Earth’s most ancient impact craters are disappearing

Earth's earliest history still holds mysteries for geologists, and ancient craters could offer some answers.


We have only discovered impact craters that are less than half the age of the Earth and younger, despite the fact that meteorite impacts should have happened during the Earth’s 4.5 billion-year history. The oldest craters on Earth may provide vital details on the early Earth’s structure and the makeup of solar system bodies. They may also aid in the interpretation of crater records on other planets.

To understand how to find very old impact craters, geologists studied the largest of the oldest preserved impact craters in a new study. Geologists have discovered impact relics such as molten rocks, high-pressure minerals, and ejecta (stuff ejected far from the impact). These relics date back more than 3.5 billion years and are proof of impact.

However, the exact craters from that time period have yet to be discovered. Scientists refer to these enormous craters as impact structures and estimate their age to be only 2 billion years old. Mega-craters dating back 2.5 billion years are absent from our knowledge.

Matthew S. Huber, a planetary scientist at the University of the Western Cape in South Africa, said, “The steady tick of time and the relentless process of erosion are responsible for the gap.”

“It’s almost a fluke that the old structures we do have are preserved at all. There are a lot of questions we’d be able to answer if we had those older craters. But that’s the normal story in geology. We have to make a story out of what’s available.”

Impact craters and their broader structures can be visible in a geologic map
Impact craters and their broader structures can be visible in a geologic map, like a bullseye. But what geophysical traces remain at the structure’s outermost edges? Credit: Huber et al. (2023), JGR Planets

Geophysical methods, like seismic imaging or gravity mapping, can sometimes help geologists locate buried, hidden craters. Once they have found probable impact structures, they can look for physical evidence of the impact process, like ejecta and impact minerals, to prove their existence.

The key question for Huber and his team was how much of a crater can be eroded before the final geophysical remnants vanish. According to geophysicists, even the largest impact structures may be destroyed by 10 kilometers (6.2 miles) of vertical erosion. Still, this hypothesis has never been put to the test in the real world.

The Vredefort crater in South Africa is one of the planet’s oldest impact sites. Therefore, the scientists looked there to find out. About 2 billion years ago, an impactor with a diameter of 20 kilometers (12.4 miles) slammed into the globe, creating the structure, which is about 300 kilometers (186 miles) across.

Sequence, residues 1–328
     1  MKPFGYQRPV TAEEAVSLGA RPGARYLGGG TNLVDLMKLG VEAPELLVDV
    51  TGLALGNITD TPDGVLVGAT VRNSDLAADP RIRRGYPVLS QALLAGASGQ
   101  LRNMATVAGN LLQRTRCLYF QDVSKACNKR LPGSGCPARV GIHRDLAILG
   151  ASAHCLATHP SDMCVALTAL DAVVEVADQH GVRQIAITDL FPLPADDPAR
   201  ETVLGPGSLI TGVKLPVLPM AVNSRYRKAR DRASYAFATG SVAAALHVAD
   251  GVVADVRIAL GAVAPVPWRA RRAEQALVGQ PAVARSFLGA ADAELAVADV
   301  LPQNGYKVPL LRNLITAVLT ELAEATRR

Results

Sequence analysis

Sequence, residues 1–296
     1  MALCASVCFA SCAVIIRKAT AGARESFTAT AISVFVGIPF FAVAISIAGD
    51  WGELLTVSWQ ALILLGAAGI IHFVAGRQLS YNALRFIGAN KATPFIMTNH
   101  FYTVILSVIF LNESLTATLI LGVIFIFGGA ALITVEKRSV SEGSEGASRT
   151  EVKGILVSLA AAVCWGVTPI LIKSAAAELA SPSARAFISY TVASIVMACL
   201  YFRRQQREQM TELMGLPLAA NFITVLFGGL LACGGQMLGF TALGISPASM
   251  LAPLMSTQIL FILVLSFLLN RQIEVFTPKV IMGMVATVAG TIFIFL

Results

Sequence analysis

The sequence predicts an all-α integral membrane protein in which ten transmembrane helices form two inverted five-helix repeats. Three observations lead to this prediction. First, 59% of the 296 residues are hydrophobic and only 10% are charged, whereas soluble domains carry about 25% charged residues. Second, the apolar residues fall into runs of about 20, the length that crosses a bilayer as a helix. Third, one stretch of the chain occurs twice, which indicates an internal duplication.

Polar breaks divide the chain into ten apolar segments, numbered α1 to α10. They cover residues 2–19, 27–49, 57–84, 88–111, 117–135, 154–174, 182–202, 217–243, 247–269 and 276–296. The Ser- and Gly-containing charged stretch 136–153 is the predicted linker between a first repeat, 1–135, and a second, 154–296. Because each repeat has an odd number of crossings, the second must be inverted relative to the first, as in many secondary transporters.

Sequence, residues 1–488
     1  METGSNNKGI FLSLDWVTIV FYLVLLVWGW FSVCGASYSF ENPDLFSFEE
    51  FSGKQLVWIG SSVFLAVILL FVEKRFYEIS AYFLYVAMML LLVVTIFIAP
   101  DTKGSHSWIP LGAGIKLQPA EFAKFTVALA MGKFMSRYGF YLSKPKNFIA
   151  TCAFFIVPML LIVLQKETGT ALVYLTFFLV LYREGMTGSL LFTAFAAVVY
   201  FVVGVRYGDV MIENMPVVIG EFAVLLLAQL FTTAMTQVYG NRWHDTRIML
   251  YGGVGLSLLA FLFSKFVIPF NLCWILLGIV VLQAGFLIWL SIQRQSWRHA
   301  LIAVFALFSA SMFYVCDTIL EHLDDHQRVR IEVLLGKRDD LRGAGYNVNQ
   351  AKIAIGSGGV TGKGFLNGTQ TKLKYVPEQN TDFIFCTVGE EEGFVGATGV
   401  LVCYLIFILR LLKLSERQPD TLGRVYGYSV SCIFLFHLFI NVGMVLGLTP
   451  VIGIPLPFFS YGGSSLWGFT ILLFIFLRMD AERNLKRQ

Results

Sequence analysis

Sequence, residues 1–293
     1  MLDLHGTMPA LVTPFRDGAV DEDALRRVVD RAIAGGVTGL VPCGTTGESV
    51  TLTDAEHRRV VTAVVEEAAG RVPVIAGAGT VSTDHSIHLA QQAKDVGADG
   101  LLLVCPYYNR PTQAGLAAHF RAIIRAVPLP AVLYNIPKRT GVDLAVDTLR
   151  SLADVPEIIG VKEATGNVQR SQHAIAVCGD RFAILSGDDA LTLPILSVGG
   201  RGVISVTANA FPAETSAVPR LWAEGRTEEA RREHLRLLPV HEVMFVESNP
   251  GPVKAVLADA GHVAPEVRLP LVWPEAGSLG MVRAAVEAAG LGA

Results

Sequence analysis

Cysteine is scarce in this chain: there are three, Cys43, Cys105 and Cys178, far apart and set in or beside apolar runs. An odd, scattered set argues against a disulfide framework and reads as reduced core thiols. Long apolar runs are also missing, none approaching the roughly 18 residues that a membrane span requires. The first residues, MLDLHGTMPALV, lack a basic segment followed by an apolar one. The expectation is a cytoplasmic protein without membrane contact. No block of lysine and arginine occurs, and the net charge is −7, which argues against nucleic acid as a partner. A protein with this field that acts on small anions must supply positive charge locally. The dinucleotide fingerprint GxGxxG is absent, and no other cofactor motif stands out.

The intensity of the impactor’s strike caused the crust and mantle to rise where it collided, forming a permanent dome. Rock melted and created mineral transformations farther from the core, where ridges of rock protruded. Then, after two billion years, time took its course and eroded roughly 10 kilometers (6.2 miles) below the surface.

The structure’s center, a semicircle of low hills southwest of Johannesburg, and a few smaller, more obvious indications of impact are all visible today. Gravity maps show the bullseye created by the mantle uplift, but outside of the center, there is little geophysical evidence of the impact.

Huber said, “That pattern is one of the last geophysical signatures that is still detectable, and that only happens for the largest-scale impact structures. Because only the deepest layers of the structure remain, the other geophysical traces have disappeared.”

“But that’s okay because Huber wanted to know just how reliable those deep layers are for recording ancient impacts from a mineralogical and geophysical perspective.”

How a “mega-crater” is made. The geophysical signature on the central uplift is all that remains after 10 kilometers of erosion, Huber et al. find. Credit: Bevan M. French/David A. Kring/LPI/UA, provided by USRA.

“Erosion makes these structures disappear from the top down,” Huber said. “So we went from the bottom up.”

To identify changes in density, porosity, and mineralogy between affected and non-impacted rocks, the researchers sampled rock cores over a 22 km (13.7 mi) transect and examined their physical characteristics. They also compared their findings to those from their sample data by simulating the impact event and its impacts on rock and mineral physics.

What they discovered could have been more encouraging for hunting the planet’s oldest craters. When seen through a geophysical lens, the rocks in the outer ridges of the Vredefort structure were virtually indistinguishable from the nearby non-impact rocks. Still, some impact melt, and minerals remained.

Huber said, “That was not exactly the result we were expecting. The difference, where there was any, was incredibly muted. It took us a while to make sense of the data. Ten kilometers of erosion and all the geophysical evidence of the impact disappear, even with the largest craters,” confirming what geophysicists had estimated previously.”

“The researchers caught Vredefort just in time; if much more erosion occurs, the impact structure will be gone. The odds of finding buried impact structures from over 2 billion years ago are low.”

“To have an Archean impact crater preserved until today, it must have experienced unusual preservation conditions. But then, Earth is full of unusual conditions. So maybe there’s something unexpected somewhere, so we keep looking.”

Journal Reference:

  1. M. S. Huber, E. Kovaleva et al. Can Archean Impact Structures Be Discovered? A Case Study From Earth’s Largest, Most Deeply Eroded Impact Structure. JGR Planets. DOI: 10.1029/2022JE007721
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